Folks are encouraged to bring your own plates, cups and flatware, along with interested friends.
Please contact Katherine at for menu/drink assignments. Let's think local!

Thursday, July 23, 2009

Check out The Edible Yard (dot) com

Local woman with many years of "green" experience has a wonderful business installing edible gardens for people in the area. Thanks, Jen Friedrich

Pot Luck and Annual Meeting

Pot Luck Dinner and Annual Meeting set for September 20, 2009 from 5:30 to 8 pm, location to be determined.
Contact Katherine Shields to sign up to bring a dish. Local foods preferred!

Saturday, July 11, 2009

July Meeting Date

Our next meeting is on July 13 from 6:30-8:30 at The Zone, Roger Whidden's fitness studio, at 822 Webster St. We will finalize the bylaws at this meeting and get summer updates on various activities. I know everyone's busy with summer activities so please RSVP so I know whether we'll have critical mass.

Sincerely, Ben Cowie-Haskell, president

Saturday, June 13, 2009

Solar Installation at Rec Center -Coast Guard Hill

The Marshfield Recreation Department has a new PV array that was installed in June at the Rec Dept's Coast Guard Hill location. This was part of a NSTAR pilot program the "Marshfield Energy Challenge" . It is capable of producing 250 kilowatt hours of electricity a month, approximately 25% of the building's electricity usage. Click on the link below to the Marshfield Mariner article for more info...


Monday, June 8, 2009

Marshfield Farmer's market is Open!

The Marshfield Farmer's Market opened last Friday June 5th with a steady stream of visitors despite the cold windy cold weather! We were pleased to see some new vendors including Acorn Canning, with wonderful jams and jellies and sauces, Jane Argyle designs, with lovely custom-made girls' sundresses, and others. I bought some delicious locally grown strawberries and am wondering how the supermarket kind even pass as fresh berries. There were tomato plants and other plants for sale for people still looking to start or add to their gardens. Looking forward to better weather next week and more produce as the season hopefully heats up!

Every friday afternoon, check it out!

Tuesday, May 26, 2009

Review of "Animal, Vegetable, Miracle"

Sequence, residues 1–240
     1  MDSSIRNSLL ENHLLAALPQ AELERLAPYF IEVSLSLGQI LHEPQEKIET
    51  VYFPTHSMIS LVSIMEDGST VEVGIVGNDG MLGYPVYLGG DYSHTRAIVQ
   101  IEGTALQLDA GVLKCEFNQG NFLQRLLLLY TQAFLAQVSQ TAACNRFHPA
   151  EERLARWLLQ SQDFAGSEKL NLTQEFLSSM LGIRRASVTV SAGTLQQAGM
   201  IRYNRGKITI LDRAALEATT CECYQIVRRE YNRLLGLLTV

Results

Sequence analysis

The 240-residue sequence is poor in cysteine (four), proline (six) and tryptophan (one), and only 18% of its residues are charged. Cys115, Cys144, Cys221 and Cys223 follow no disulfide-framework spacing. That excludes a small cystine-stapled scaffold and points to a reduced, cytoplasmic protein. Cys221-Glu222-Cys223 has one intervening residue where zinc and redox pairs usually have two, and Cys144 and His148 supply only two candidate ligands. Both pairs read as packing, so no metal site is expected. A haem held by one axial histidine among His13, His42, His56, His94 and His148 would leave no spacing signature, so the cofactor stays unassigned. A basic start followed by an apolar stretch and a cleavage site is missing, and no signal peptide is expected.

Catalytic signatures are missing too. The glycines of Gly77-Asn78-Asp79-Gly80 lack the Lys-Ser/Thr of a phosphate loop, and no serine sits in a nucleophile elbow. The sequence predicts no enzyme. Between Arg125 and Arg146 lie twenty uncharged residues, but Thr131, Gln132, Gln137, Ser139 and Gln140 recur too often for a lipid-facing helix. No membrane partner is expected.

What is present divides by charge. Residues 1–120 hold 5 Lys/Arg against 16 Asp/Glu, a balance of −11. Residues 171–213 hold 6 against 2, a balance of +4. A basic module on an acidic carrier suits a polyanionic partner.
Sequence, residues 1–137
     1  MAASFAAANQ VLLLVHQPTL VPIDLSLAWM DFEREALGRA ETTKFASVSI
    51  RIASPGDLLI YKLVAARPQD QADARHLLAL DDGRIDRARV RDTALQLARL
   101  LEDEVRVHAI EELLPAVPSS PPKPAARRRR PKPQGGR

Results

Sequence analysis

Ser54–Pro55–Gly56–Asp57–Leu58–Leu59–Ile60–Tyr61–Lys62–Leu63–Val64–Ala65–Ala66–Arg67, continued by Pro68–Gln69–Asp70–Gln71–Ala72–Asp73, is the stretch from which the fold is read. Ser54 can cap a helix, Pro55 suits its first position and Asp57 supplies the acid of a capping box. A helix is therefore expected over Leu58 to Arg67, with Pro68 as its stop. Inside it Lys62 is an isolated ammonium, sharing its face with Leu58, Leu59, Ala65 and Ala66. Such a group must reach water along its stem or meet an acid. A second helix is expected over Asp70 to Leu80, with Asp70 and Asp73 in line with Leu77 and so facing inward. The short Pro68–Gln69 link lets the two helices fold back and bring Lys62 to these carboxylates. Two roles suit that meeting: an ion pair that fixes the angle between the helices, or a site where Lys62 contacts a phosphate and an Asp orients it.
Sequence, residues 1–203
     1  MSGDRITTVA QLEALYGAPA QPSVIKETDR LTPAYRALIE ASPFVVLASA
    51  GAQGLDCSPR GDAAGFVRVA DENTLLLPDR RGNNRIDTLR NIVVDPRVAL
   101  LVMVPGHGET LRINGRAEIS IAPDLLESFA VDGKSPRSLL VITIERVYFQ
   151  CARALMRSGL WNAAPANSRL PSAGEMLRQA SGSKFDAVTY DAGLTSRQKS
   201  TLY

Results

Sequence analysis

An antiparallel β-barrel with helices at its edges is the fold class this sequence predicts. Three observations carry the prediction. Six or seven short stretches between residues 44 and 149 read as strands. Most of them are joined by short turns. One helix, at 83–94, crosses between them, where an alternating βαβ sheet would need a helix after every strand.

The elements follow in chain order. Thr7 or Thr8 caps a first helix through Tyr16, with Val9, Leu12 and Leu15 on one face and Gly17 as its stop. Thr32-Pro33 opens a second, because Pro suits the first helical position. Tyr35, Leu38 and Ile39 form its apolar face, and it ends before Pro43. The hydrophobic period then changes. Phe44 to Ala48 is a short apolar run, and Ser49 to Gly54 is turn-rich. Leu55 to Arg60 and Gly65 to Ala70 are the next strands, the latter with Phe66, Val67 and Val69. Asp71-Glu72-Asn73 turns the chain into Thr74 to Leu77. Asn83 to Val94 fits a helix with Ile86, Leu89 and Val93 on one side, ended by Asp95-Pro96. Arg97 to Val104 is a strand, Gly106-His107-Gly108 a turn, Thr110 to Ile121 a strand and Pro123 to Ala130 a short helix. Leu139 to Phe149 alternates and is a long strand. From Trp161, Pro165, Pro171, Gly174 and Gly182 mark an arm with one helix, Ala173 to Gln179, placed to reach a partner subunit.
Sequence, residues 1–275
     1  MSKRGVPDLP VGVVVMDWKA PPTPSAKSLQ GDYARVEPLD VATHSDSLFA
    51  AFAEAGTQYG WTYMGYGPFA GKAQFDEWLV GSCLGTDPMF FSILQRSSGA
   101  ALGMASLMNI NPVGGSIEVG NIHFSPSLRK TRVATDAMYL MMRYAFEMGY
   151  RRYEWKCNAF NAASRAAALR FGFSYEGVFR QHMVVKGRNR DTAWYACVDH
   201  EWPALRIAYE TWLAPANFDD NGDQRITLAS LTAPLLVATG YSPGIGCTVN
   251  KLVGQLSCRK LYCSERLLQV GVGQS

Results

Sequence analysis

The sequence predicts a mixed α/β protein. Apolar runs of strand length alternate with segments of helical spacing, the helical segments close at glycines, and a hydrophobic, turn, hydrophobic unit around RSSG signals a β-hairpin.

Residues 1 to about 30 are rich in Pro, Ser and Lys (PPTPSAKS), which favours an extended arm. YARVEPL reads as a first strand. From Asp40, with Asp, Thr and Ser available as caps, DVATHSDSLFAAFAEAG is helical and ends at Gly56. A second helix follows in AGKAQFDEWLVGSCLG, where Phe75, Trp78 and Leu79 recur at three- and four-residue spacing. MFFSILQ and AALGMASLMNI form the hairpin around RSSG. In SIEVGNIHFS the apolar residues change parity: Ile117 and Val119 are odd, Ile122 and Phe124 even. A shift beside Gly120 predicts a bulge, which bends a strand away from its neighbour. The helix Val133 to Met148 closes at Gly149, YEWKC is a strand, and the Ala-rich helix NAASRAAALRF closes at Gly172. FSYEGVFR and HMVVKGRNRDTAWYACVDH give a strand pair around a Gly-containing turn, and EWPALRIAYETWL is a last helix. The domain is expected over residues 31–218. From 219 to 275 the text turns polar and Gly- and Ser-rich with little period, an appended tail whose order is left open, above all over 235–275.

by Katherine Rossmoore

Animal, Vegetable, Miracle

by Barbara Kingsolver

The subtitle of this delightful book about one family’s decision to move to the proverbial family farm and to eat only local foods is “A Year of Food Life”. She does in fact go through each month of the year, describing their lives, by season, on the farm. Ms. Kingsolver, who had previously lived in Tucson, Arizona (where nothing grows) with her husband and two daughters, is an accomplished novelist (The Poisonwood Bible, The Bean Trees, Prodigal Summer) and nonfiction writer.

Let’s be honest: not everyone who makes the effort to eat locally grown and produced food is lucky enough to own a family farm in the Southern United States (southwest Virginia), have a husband who is a botanist and who bakes homemade breads every week! But, this book certainly makes the case for anyone thinking of trying to practice locavore eating. For me, this book was a life-changer, as promised by Rick Hass of the Boston Sunday Globe in his blurb on the cover. Even if one is not able to entirely give up everything that’s imported and consume only locally grown and produced food, it certainly gives one a sense of the possibility and gets us thinking about the habits we cling to, like raspberries in the winter and avocados year-round.And Kingsolver has the guts, in pointing out the hypocrisy of our modern society, (after being told at a New York City dinner party that the hostess, who was serving fresh raspberries in winter, “can get anything in the world here.”) to say that she is appalled by “the manner in which we’re allowed to steal from future generations, while commanding them not to do that to us, and rolling our eyes at anyone tediously PC enough to point this out. The conspicuous consumption of limited resources has yet to be accepted widely as a spiritual error, or even bad manners.”

The book goes through the seasons, starting when they arrive at the farm in March and she realizes the gravity of their commitment to the grocery list: the kids love eggs: easy! Fresh fruit and gummy worms: no way. They recognize that certain compromises have to be made for staples that have no local sustainable source, like grains, oils and coffee. As the year “springs forward,” they plant seeds and we are introduced to the concept of seed banks for plants that have been made unavailable by the corporate control of agriculture. We get an interesting lesson in botany when she talks about the plant’s life of flower to fruit to seed to plant. As they move through the seasons, the book illustrates how living this way, with a farm-based food supply, has the effect of providing a greater connection to the seasons.

In April, Kingsolver’s daughter Lilly receives baby chicks at the local post office, (mom is already raising ten tom turkeys) providing fun fodder for the local postmistress and the reader. In May, we experience the challenge of hosting a large party with only local products. In June, the family takes a vacation, visiting a farm in Ashfield, Ma, which practices organic methods but isn’t certified organic due to the costs. They also visit New England cheese maker, Ricki Carroll, and we are provided with a mozzarella recipe on page 144. They also visit a Farmers’ Diner in Vermont, where all food served is from a 100-mile radius. Naturally, without the use of herbicides, they come home to weeds but also days of plenty, including carrots, onions, garlic, and new potatoes.

August is dominated by tomatoes, and we learn about the harsh economic reality for organic farmers trying to sell their truckloads of tomatoes before they rot.

For the squeamish, don’t read the chapter on harvesting turkeys and roosters in September. We next discover, in the fall, that “root crops are the deliverance of the home-food devotee”. What to eat in January? Of course, they froze and canned and made sauces in the summer.